HBR's Knowledge Management Book LO22585

Vana Prewitt (vana@praxislearning.org)
Tue, 07 Sep 1999 12:01:58 -0400

Hello all:

This is one of those times that I wish I had a room for of OD'ers down the
hall I could talk to. So -- hello in there -- anyone home?

Over the weekend, I picked up the Harvard Business Review on Knowledge
Management. The first chapter was by Drucker and was essentially a rehash
of old news, besides only peripherally about knowledge management. What
was worse, the illustrations he used to make a point were illogical and
flawed beyond belief. He tried to point out the value of a flat
organization by using an orchestra's conductor as the model -- no middle
management. But he failed to point out that the reason this model works
is because everyone on the team plays together simultaneously, interacts
directly with the CEO, and gets immediate feedback. According to him, the
reason this model works is because everyone has clear instructions (a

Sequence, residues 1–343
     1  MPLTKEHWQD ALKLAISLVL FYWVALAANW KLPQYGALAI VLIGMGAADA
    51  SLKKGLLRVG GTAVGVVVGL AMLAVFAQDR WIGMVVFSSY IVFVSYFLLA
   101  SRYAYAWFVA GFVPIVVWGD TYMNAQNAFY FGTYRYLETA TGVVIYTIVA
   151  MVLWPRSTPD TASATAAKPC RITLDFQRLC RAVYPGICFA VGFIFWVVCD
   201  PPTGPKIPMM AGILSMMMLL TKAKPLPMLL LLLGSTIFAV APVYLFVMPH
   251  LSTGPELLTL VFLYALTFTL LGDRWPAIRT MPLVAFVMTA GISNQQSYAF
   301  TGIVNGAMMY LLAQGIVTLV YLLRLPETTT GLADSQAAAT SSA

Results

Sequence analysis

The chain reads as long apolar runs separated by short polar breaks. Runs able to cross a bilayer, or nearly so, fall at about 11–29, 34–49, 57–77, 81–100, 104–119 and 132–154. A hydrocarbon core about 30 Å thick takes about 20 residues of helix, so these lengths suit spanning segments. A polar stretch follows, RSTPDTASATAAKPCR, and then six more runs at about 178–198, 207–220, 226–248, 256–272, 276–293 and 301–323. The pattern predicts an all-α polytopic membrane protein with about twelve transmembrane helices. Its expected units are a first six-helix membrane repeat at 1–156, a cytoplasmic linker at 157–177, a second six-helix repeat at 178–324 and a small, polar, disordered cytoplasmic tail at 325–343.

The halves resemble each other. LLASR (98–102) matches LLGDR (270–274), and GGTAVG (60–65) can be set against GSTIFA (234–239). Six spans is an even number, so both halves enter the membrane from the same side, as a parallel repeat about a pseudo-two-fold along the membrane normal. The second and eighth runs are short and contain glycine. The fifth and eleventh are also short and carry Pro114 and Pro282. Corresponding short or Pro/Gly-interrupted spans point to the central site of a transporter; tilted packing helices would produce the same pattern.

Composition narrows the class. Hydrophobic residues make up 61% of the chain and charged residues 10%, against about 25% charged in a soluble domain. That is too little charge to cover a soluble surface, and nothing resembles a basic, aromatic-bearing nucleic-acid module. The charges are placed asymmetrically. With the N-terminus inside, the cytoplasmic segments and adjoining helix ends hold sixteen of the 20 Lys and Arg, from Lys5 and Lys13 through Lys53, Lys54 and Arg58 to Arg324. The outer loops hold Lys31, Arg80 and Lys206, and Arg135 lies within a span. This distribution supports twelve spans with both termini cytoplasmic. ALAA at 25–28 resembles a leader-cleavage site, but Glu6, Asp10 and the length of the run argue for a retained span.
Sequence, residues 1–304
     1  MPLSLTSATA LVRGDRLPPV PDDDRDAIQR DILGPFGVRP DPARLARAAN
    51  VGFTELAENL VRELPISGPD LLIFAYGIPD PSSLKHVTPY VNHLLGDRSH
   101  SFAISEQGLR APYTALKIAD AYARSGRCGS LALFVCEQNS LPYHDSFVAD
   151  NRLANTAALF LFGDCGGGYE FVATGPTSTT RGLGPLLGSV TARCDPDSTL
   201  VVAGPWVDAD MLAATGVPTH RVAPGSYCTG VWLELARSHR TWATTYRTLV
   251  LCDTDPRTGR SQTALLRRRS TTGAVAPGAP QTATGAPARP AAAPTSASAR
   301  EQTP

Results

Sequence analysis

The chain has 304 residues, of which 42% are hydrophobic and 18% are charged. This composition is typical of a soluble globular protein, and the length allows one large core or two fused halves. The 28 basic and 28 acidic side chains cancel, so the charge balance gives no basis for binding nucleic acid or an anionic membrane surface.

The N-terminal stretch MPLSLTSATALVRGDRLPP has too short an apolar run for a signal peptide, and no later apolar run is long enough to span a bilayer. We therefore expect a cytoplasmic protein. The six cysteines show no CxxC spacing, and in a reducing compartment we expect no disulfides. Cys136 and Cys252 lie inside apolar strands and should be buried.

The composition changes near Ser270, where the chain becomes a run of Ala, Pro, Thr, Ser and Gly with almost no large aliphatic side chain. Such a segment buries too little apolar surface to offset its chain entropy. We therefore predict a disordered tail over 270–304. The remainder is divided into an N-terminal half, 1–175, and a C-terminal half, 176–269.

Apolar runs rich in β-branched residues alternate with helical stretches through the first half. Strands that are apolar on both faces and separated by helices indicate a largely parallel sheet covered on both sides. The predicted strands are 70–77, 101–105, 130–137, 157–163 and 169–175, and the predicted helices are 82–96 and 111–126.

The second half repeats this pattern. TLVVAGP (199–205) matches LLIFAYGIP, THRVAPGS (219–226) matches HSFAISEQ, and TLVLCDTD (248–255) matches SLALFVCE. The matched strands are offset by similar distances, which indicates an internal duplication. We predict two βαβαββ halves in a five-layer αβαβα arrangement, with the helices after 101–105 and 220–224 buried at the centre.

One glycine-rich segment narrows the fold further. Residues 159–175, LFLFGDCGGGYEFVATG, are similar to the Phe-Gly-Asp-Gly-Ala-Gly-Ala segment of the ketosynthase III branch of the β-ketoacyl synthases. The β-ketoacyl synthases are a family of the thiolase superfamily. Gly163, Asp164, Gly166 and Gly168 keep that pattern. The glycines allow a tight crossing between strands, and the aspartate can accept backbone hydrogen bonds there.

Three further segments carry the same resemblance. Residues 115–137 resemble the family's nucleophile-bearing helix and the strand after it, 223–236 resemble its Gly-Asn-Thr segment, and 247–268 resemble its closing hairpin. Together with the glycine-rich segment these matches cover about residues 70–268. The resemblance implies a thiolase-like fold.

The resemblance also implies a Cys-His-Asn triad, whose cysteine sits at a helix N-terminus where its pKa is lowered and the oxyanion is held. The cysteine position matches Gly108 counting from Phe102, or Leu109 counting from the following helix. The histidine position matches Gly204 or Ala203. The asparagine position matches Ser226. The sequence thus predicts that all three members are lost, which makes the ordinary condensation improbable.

musical score), explaining the importance of giving everyone directions on
what to do. While I won't argue the value of clear directions, it is
pretty lame to miss the communications and performance management point

The second chapter, by contrast, is by Ikujiro Nonaka. It is very well
written, insightful, and a very thorough review of the Japanese models of
knowledge management...how their management models contribute to a
learning organization. This chapter brings into focus the importance of
holism, overlapping responsibilities for knowledge creation
(redundancies), and an organizational structure that supports, encourages,
and rewards exploration.

Now: this is my question. What influence is Nonaka having in MBA
programs? Is this reasonable and intelligent line of thinking being
promoted half as well as the flawed concepts presented by Drucker? Am I
the only person appalled by this glaring gaff? Has anyone else read the
book and have thoughts about the balance of various perspectives? I've
never been especially impressed by Drucker, and my opinion of him just
went down a notch.

kind regards,

Vana Prewitt
Praxis Learning Systems
Chapel Hill, NC



Vana Prewitt <vana@praxislearning.org>

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